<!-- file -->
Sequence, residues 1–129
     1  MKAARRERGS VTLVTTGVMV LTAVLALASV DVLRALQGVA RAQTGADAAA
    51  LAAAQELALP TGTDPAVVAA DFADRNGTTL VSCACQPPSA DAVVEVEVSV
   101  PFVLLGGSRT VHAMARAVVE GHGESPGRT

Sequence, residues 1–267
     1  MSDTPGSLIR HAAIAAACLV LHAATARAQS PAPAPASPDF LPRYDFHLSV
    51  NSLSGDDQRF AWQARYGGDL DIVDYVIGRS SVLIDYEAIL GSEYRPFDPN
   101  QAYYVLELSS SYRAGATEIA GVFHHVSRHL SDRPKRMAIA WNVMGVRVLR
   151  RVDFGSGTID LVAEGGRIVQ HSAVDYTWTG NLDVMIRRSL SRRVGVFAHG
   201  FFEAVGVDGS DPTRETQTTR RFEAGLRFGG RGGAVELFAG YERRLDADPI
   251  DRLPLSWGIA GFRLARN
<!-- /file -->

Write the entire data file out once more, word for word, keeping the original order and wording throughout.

Sequence, residues 1–129
     1  MKAARRERGS VTLVTTGVMV LTAVLALASV DVLRALQGVA RAQTGADAAA
    51  LAAAQELALP TGTDPAVVAA DFADRNGTTL VSCACQPPSA DAVVEVEVSV
   101  PFVLLGGSRT VHAMARAVVE GHGESPGRT

Sequence, residues 1–267
     1  MSDTPGSLIR HAAIAAACLV LHAATARAQS PAPAPASPDF LPRYDFHLSV
    51  NSLSGDDQRF AWQARYGGDL DIVDYVIGRS SVLIDYEAIL GSEYRPFDPN
   101  QAYYVLELSS SYRAGATEIA GVFHHVSRHL SDRPKRMAIA WNVMGVRVLR
   151  RVDFGSGTID LVAEGGRIVQ HSAVDYTWTG NLDVMIRRSL SRRVGVFAHG
   201  FFEAVGVDGS DPTRETQTTR RFEAGLRFGG RGGAVELFAG YERRLDADPI
   251  DRLPLSWGIA GFRLARN